Kelvin Lee holds a PhD from Durham University and is a Postdoctoral Fellow at the University of Leuven. His research focuses on the analysis and history of nineteenth- and twentieth-century symphonic music, with special interests in the analysis of musical form, the theory of tonality, global musical modernism and the intersection between music theory, history and philosophy. Kelvin’s work has been published (or is forthcoming) in Music Analysis, Musurgia and Notes, and he is a contributor to Nikolai Medtner: Music, Aesthetics, and Contexts (Hildesheim: Georg Olms Verlag). His article ‘Rethinking the Symphonic Poem: Dialectical Form, Sequential Dissonances and the Chord of Fate in Schoenberg’s Pelleas und Melisande‘ won the Musurgia 25th Anniversary Prize from Société Française d’Analyse Musicale. He was also awarded the 2018 Theory and Analysis Graduate Student Prize from the Society for Music Analysis. Kelvin is currently writing a monograph, provisionally titled The Sonata Moment: Dialectical Form and Symphonic Modernism in Fin-de-Siècle Vienna, which examines the interrelationship between dialectical thought, chromatic tonality and sonata form.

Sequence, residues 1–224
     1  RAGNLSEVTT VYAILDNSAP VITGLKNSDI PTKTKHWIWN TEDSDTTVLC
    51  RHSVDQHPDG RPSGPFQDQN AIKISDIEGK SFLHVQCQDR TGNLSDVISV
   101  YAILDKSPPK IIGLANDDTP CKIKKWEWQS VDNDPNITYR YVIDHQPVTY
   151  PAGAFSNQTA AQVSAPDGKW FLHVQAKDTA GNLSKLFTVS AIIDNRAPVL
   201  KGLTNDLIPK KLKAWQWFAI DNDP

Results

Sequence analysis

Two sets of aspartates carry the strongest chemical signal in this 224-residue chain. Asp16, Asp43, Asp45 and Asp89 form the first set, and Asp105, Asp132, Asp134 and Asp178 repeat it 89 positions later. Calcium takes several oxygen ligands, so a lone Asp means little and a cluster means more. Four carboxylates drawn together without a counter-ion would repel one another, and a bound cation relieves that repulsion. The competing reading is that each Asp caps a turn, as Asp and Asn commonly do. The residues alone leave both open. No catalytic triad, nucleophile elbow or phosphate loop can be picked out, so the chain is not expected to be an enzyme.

I’m a music scholar at the University of Alabama with research interests in the analysis and history of eighteenth- and nineteenth-century opera. My current research focuses on the social and expressive use of musical schemas in Italian opera. Ongoing research projects include a series of articles on issues of pleasure and enjoyment in the operas of Gioachino Rossini, the analysis of secco recitative, musical form in early two-tempo arias, as well as music and music-making in the nineteenth-century American South.